For the Greek economist, the single currency has simply allowed Berlin to dominate the European market and to become a global exporter country: “The Euro was a disaster”. And on Greece he adds: “Syriza shows us what we should not do and how we should not organize ourselves. Those who want to change things from the Left must begin to fight the European institutions and create new ones.”
Interview with Costas Lapavitsas of Steven Forti
“The euro has only facilitated a German-centric Europe”. Costas Lapavitsas (1961), a professor of economics at the University of London’s School of Oriental and African Studies, is a partisan of Greece’s exit from the Euro. He is the author of several books, including Crisis in the Eurozone (Verso, 2012) and, with Heiner Flassbeck, Against the Troika. Crisis and austerity in the Eurozone (Verso, 2015). A long-time activist of the Hellenic Left, he joined Syriza in 2012 and was elected MP in the first government of Alexis Tsipras in January 2015. He abandoned the Greek Parliament and the party after the signing of the Third Memorandum in the summer two years ago. Since then, he’s been extremely critical of the experience of Syriza’s governments and DIEM25, the European project of former Finance Minister Yannis Varoufakis.
It seems that the crisis has come to an end. Is this really the case?
Things have calmed down, I would say. But more than a crisis, what seems to me to be more correct to speak of now is the new Europe that is emerging. And this is not a very pleasant Europe.
What would this “new” Europe be?
Germany has successfully tackled the Eurozone crisis. In Europe, a centre has been formed, represented by Germany, and more specifically by the German industrial complex. Especially the automotive and chemical industry, which is very focused on exports. Around this centre are forming a series of suburbs (peripheries). At the beginning of the crisis in the Eurozone, we were talking about a single periphery. And it was correct. Now we know that there are more. And in this, Italy is important because it is halfway between this new centre and the periphery. Italy is still suffering from the crisis, but it is also the only country in Europe that has an industrial complex that can compete with Germany. Much more than France which has destroyed its industries and has suffered a profound process of financialization of the economy over recent decades.
You talked about different peripheries. What are they? And in what way do they differentiate themselves?
We can clearly recognize two types of peripheries. One is that of the satellites of Germany. These are countries that can be part of the Euro or not, such as Poland, the Czech Republic, Slovakia, Slovenia and part of Austria. Countries that are directly linked to the German industrial process. This is the European manufacturing centre. Which is starting to attract other countries: Romania, Hungary … The economy of these countries is increasingly dependent on how the German automotive industry works. The other peripheries are the southern one: Greece, Spain, Portugal, a part of Italy. They are countries with a strong public sector, high levels of unemployment, are economically uncompetitive and have no industrial structure that can compete internationally. And, importantly, they are members of the Euro. Which is why they are not competitive. Their role is to provide labour to German industry.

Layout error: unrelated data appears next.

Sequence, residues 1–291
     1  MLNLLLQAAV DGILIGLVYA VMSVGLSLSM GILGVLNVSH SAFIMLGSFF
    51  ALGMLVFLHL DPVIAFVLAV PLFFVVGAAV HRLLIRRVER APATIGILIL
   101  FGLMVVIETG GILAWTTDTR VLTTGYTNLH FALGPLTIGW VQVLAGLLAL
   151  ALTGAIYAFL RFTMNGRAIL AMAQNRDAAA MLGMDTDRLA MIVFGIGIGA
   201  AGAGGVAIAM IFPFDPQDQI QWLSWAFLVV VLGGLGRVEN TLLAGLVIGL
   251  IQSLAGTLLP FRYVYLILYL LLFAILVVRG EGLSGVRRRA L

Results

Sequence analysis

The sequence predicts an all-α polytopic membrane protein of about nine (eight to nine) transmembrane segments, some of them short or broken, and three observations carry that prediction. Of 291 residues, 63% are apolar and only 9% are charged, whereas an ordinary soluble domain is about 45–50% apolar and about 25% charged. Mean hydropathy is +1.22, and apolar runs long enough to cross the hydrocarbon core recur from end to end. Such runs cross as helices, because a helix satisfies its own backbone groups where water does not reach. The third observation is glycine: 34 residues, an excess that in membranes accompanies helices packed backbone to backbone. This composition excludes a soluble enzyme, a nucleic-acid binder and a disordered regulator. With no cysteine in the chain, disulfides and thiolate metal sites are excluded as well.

What is the role of France in this “new” Europe?
France is a country in the centre [of Europe], but it has no industrial strength to compete with Germany. He lost the game with the Germans inside the Euro. Medium or long term it will be subordinate to Germany.
Can Macron’s arrival at the Elysee change this situation?
France remains a powerful country, but what can Macron do to compete economically with Germany? It can also make better relations with Merkel than Hollande or reinforce the French military presence in the world, but it will not change anything. Moreover, its economic program contains exactly what the Germans want: lower wages, labour reform, privatizations … the only hope for France in this context is to strengthen its financial system. There it has important advantages.
According to some economists, the Euro was a “protective shield” during the crisis. What is your answer to this interpretation?
Those who still believe that the Euro has been somehow a factor in protecting Europe either have not understood anything that has happened in recent years or are completely obsessed by the Euro. The Euro has been a disaster for the European economy’s ability to cope with the shock of the Great Crisis of 2007-2009. It has enhanced its effects, added other problems and devastated every sector of the economy. The Euro was a total failure in this regard. I think it is more interesting to reflect on the fact that the Euro has allowed Germany to become the dominant country in Europe. This is the true meaning of the Euro. The single currency has allowed Berlin to dominate the European market and to become a global-exporting country able to penetrate the Chinese or US market. And to convert itself into the owner of financial assets. The results that the Euro has produced are exactly the opposite to what we were led to expect.
Has anything changed with Brexit?
Brexit has in a sense been a response to the transformation of the EU into an institution that protects and masks German power. A reaction caused by the loss of sovereignty. It is important because it signals a response from below to the new power that is emerging in Europe. The will to separate from this new empire. The difficulties the UK is experiencing in the last year show how difficult this is. But I would not underestimate the strength of British capitalism. In Europe there are only three capitals that count: Moscow, Berlin and London. And London is aware of it.